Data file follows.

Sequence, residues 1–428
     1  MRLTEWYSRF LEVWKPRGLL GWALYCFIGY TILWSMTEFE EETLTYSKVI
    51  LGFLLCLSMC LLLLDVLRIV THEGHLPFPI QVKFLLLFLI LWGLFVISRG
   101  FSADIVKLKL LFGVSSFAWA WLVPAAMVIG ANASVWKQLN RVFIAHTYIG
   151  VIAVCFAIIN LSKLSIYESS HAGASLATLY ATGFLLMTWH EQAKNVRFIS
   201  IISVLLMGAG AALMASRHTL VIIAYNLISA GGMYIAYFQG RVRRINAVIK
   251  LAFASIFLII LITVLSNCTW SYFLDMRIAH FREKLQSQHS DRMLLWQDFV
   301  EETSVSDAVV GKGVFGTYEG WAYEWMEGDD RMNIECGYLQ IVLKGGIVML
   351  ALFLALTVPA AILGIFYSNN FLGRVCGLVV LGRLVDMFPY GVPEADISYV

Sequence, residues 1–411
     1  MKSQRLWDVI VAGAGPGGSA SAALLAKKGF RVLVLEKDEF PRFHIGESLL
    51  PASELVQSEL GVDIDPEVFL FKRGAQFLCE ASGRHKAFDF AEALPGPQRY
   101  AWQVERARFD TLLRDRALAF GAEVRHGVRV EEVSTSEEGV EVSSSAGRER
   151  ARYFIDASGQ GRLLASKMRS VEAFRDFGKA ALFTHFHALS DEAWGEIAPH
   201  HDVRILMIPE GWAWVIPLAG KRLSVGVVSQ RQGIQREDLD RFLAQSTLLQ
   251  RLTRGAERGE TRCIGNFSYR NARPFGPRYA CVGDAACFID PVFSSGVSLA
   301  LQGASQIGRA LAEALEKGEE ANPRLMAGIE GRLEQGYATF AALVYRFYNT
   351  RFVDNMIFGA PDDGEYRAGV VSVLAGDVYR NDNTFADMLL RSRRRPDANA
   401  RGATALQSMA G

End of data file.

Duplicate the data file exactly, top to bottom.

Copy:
Sequence, residues 1–428
     1  MRLTEWYSRF LEVWKPRGLL GWALYCFIGY TILWSMTEFE EETLTYSKVI
    51  LGFLLCLSMC LLLLDVLRIV THEGHLPFPI QVKFLLLFLI LWGLFVISRG
   101  FSADIVKLKL LFGVSSFAWA WLVPAAMVIG ANASVWKQLN RVFIAHTYIG
   151  VIAVCFAIIN LSKLSIYESS HAGASLATLY ATGFLLMTWH EQAKNVRFIS
   201  IISVLLMGAG AALMASRHTL VIIAYNLISA GGMYIAYFQG RVRRINAVIK
   251  LAFASIFLII LITVLSNCTW SYFLDMRIAH FREKLQSQHS DRMLLWQDFV
   301  EETSVSDAVV GKGVFGTYEG WAYEWMEGDD RMNIECGYLQ IVLKGGIVML
   351  ALFLALTVPA AILGIFYSNN FLGRVCGLVV LGRLVDMFPY GVPEADISYV

Sequence, residues 1–411
     1  MKSQRLWDVI VAGAGPGGSA SAALLAKKGF RVLVLEKDEF PRFHIGESLL
    51  PASELVQSEL GVDIDPEVFL FKRGAQFLCE ASGRHKAFDF AEALPGPQRY
   101  AWQVERARFD TLLRDRALAF GAEVRHGVRV EEVSTSEEGV EVSSSAGRER
   151  ARYFIDASGQ GRLLASKMRS VEAFRDFGKA ALFTHFHALS DEAWGEIAPH
   201  HDVRILMIPE GWAWVIPLAG KRLSVGVVSQ RQGIQREDLD RFLAQSTLLQ
   251  RLTRGAERGE TRCIGNFSYR NARPFGPRYA CVGDAACFID PVFSSGVSLA
   301  LQGASQIGRA LAEALEKGEE ANPRLMAGIE GRLEQGYATF AALVYRFYNT
   351  RFVDNMIFGA PDDGEYRAGV VSVLAGDVYR NDNTFADMLL RSRRRPDANA
   401  RGATALQSMA G